The Finns are very casual about dress code. If you see a Finn wearing a dark suit, white shirt and a coloured tie, he is probably not Finnish, or he is Finnish, but in another country! Finnish managers may wear slacks, jacket, shirt (and tie) for work. This is what they call in their terms, “city wear”. A suit is for “sunday best”, for big family occasions or business visits in foreign countries. A large proportion of men will wear jeans and a jumper. In winter, it is quite acceptable for managers to wear roll-neck sweaters under their jackets and be accepted as smart.
There are no hard and fast rules about what you should wear. In summer, Finnish men tend to wear lovat-coloured jackets; although these are colourful, they are not bright. However, their blend of colours is unique to Finnish fashion. Women dress casually too. It is more usual to see women wearing trousers than a skirt. Topped with a jumper, this is quite acceptable for work and is far more casual than you will find in the UK. In summer, a cool cotton summer dress works fine. On the whole, Finnish women wear very little makeup, hardly ever wear coloured nail varnish, and jewellery is discreet.
There can only be few places in Finland to visit where you feel the need to look ultra smart or particularly glamorous. The Finns will accept you however you are dressed, and judge you little by your appearance. A French colleague of mine felt quite insecure when she first came to Finland. The Finns would avert their gaze from her, and she was quite sure that something disastrous had happened to her appearance. Nothing of the sort had taken place.
It was just that the Finns rarely engage in eye contact, and even more rarely express an opinion about somebody’s appearance. It is very unusual for anybody to pass comment on a pair of earrings, or a dress, or a nice pair of shoes. This tends to make you think that they just don’t notice. However, all boils down to the fact that Finns don’t engage in small talk, and probably feel it would be very intrusive to make personal remarks. Anyway, the Finns are very pragmatic; they take you for who you are, not for how you dress.
It does seem that the vast majority of Finns conform in their manner of dress, which emphasises their national trait of not wanting to stand out from the crowd. However, there are a very few “odd balls” about. It is possible to see men with long hair and wearing a ponytail. You might see someone wearing an outrageously coloured outfit, or even the odd hippie walking the streets.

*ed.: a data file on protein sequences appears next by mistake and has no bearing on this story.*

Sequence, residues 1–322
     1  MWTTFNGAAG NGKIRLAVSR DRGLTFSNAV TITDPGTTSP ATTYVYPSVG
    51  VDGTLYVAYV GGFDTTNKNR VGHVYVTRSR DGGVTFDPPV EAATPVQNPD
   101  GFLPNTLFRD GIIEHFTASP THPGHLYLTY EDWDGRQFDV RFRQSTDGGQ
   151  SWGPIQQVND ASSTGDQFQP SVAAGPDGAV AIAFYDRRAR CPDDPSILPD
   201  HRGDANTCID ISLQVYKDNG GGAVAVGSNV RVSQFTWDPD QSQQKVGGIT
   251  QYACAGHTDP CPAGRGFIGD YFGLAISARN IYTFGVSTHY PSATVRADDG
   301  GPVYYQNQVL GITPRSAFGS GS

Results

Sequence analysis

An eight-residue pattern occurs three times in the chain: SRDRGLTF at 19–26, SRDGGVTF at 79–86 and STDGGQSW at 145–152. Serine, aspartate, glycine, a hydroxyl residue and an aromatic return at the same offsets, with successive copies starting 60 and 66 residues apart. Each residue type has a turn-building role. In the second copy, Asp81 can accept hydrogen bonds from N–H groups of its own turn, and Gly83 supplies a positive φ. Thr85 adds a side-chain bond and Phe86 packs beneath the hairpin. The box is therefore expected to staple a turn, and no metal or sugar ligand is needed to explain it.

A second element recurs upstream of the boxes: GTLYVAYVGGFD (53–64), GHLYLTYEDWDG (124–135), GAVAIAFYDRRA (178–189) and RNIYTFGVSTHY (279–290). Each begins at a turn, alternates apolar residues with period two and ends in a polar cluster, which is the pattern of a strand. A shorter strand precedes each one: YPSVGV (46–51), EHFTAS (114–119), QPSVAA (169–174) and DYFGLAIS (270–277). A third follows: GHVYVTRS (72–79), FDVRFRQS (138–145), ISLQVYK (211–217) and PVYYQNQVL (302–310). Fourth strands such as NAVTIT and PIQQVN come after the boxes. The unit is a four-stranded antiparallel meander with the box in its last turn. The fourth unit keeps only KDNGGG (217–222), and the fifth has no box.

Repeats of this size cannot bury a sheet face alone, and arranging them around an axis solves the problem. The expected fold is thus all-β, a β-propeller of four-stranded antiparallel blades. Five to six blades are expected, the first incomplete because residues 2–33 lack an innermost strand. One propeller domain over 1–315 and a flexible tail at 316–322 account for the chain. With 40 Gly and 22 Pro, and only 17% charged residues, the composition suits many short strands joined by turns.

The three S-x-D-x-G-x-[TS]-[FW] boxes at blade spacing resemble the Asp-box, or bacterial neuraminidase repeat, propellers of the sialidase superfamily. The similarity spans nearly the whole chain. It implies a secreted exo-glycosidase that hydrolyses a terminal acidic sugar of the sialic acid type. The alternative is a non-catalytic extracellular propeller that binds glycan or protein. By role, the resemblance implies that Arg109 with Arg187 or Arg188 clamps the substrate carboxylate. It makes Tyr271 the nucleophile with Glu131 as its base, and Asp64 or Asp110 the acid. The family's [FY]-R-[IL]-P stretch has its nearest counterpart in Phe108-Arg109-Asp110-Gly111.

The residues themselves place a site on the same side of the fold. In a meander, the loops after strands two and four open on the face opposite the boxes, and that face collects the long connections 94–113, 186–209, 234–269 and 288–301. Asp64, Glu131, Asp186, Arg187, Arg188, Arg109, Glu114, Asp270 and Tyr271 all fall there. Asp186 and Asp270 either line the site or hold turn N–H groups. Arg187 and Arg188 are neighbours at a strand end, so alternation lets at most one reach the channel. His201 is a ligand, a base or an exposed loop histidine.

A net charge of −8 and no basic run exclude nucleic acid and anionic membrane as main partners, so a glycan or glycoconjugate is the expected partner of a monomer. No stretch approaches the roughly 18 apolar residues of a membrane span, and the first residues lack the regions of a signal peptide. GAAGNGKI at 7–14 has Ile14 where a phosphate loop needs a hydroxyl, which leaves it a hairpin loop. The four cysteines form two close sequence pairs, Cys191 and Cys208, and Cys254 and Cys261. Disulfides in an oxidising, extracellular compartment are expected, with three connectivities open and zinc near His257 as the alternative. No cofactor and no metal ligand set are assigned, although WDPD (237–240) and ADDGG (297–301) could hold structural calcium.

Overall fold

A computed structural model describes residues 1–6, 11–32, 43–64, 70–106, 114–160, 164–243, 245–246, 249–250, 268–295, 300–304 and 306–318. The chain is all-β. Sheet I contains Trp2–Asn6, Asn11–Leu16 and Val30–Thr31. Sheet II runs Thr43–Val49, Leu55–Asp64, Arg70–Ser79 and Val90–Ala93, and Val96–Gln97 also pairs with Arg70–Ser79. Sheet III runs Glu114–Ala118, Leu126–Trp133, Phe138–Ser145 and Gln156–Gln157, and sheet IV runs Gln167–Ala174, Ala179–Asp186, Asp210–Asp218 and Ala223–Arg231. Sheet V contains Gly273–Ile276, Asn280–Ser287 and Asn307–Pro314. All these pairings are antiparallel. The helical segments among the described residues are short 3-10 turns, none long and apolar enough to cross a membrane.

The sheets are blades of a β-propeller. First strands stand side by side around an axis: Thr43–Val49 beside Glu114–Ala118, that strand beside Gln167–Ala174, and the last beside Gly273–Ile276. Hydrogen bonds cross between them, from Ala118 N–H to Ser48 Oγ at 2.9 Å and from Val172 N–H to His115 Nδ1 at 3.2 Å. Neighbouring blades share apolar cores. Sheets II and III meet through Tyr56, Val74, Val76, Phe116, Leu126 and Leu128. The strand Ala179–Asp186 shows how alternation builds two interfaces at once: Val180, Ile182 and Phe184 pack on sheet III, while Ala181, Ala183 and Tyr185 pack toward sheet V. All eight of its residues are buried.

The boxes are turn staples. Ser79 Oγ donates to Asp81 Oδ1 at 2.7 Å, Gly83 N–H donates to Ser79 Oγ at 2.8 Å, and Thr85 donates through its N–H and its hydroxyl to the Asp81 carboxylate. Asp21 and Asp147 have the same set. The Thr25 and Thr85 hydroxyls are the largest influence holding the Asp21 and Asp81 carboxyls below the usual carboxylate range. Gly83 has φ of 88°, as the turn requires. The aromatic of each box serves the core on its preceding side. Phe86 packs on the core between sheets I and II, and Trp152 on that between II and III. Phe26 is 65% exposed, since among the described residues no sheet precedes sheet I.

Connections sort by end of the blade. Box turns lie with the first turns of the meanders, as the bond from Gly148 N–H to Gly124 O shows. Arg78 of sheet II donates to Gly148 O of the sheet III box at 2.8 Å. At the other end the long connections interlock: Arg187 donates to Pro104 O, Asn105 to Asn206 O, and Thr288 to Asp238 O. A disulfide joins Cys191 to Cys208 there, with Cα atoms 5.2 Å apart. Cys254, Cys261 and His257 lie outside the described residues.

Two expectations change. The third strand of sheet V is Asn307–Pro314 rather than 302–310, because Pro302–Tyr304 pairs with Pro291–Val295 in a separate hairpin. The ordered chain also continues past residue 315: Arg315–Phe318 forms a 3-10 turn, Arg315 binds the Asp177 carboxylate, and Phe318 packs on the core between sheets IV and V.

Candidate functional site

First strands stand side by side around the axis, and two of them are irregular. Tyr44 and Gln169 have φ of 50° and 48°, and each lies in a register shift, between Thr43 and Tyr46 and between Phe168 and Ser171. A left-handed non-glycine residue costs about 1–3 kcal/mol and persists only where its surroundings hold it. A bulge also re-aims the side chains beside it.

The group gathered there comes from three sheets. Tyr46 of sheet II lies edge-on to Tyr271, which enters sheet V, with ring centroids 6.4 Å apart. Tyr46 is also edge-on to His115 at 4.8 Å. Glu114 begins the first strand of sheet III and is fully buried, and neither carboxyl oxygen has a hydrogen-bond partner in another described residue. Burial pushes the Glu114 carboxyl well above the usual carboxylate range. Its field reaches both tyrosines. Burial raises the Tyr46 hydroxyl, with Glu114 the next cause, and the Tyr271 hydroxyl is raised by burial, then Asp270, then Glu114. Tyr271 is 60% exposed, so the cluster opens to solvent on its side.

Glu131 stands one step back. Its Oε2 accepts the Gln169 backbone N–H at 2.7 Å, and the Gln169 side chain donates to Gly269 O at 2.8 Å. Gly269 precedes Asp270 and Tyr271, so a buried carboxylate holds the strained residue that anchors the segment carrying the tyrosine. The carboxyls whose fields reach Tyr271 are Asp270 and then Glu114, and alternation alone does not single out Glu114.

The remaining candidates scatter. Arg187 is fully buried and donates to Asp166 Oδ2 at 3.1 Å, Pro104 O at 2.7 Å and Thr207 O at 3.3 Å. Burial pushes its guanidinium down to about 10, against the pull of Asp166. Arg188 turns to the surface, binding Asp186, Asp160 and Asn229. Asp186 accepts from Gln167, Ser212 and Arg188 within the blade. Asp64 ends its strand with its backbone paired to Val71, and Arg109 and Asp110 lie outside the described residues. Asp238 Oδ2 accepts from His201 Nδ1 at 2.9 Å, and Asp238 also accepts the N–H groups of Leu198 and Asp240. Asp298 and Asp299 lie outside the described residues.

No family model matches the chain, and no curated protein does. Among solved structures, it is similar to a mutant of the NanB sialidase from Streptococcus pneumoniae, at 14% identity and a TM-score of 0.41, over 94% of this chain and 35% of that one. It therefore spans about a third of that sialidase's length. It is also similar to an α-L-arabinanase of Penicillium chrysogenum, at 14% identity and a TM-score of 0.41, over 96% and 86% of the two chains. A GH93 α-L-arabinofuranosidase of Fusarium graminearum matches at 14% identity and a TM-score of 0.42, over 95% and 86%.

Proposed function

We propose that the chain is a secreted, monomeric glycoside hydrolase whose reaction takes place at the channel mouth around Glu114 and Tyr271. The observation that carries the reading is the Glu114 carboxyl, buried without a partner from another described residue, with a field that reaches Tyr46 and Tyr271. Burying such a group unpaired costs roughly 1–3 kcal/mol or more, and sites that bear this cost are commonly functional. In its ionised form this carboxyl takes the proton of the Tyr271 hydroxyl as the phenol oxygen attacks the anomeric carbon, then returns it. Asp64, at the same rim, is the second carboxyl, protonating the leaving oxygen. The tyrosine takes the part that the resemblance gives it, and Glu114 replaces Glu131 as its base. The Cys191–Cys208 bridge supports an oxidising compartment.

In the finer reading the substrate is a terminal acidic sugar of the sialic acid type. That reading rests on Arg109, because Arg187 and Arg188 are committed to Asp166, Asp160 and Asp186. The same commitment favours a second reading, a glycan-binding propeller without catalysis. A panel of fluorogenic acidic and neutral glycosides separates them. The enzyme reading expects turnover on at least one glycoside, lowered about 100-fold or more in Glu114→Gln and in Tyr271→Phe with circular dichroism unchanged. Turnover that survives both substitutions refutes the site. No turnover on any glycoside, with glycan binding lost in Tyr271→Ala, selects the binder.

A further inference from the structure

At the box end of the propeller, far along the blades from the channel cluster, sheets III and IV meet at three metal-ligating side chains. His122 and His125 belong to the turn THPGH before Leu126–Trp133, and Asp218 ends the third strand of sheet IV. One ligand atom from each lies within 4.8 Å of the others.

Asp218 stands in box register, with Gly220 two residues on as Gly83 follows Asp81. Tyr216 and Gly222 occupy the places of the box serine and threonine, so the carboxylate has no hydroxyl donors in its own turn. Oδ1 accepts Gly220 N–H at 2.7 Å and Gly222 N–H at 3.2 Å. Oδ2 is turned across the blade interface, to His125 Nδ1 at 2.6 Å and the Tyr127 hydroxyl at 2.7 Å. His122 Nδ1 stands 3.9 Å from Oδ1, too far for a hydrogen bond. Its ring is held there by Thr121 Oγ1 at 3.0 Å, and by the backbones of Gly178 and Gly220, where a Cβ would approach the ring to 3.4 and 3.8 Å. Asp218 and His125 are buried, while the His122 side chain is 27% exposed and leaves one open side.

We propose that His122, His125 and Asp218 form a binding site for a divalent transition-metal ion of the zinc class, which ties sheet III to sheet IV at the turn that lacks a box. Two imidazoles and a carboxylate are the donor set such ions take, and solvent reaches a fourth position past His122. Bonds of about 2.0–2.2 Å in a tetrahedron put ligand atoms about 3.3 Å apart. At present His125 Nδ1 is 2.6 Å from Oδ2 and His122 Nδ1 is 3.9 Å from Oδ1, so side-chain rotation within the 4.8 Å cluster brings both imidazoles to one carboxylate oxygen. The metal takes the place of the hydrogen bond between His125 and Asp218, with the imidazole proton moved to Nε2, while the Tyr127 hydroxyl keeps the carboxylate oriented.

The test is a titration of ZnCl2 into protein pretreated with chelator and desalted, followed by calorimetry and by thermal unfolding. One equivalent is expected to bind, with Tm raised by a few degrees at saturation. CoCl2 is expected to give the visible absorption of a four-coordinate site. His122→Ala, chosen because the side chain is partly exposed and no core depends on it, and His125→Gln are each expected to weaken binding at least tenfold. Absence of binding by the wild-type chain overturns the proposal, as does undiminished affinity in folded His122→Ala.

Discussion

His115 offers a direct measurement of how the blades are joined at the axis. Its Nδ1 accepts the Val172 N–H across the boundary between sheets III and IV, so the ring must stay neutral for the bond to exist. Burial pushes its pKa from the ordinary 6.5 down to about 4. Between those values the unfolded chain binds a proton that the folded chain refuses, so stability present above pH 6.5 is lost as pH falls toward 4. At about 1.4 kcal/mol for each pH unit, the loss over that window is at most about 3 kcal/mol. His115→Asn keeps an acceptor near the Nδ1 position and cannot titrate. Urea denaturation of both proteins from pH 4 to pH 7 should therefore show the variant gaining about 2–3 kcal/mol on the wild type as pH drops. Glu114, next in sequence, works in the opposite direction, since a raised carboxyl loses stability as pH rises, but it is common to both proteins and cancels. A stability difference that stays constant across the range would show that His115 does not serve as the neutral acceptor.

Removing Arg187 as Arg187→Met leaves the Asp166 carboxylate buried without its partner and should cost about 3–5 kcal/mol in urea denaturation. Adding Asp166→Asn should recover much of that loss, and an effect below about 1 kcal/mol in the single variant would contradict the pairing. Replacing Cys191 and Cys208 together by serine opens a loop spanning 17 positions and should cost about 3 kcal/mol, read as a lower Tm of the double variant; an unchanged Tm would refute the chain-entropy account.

However, these are very rare phenomena. In Helsinki, you may see women who are beautifully made-up and wearing designer outfits. However, that there is no pressure to compete. For the handful of women who are dressed like this, there are hundreds that are not. Generally speaking, clothing for the Finns is practical; it’s what they use to cover themselves up and keep themselves warm.
If you are visiting very good friends in the summertime, it will be quite normal to find your hosts in swimwear and a shirt. If you are visiting someone that you do not know very well, you are still expected to dress informally, but there will be a fairly smart element to this. It seems that jeans would be perfectly acceptable and expected at an informal gathering. If you are visiting a restaurant with family or friends, then smart casual or jacket and tie would be required. Suits are rarely worn. But whatever the choice of attire, it should reflect “calmly-dressed”.
So, what happens when people go out at night? I have been to a few informal occasions, such as barbecues, and have found the Finnish men rather formally dressed compared with what I would expect to find in Britain. I am told that open-necked tee shirts or polo shirts would be the norm, but I haven’t seen them being worn. Although very few restaurants insist on men wearing ties, the majority of times I’ve been to a restaurant, men have been wearing them. However, I do make a distinction here between restaurants and fast-food or chain restaurants. Women especially like to dress up, and I have seen some ladies turn up in wonderful eveningwear for special occasions. (They’ve had their boots on when arriving and their best shoes in a bag, and changed on arrival.) The local mid-week dance is a time when everyone tries to look smart—without “dressing up”.
The overwhelming impression I have of a Finnish dress code is that people dress to suit themselves. This tends to be very pragmatic and sensible with nothing making themselves stand out from the crowd. Jewellery is minimal, though exquisitely designed.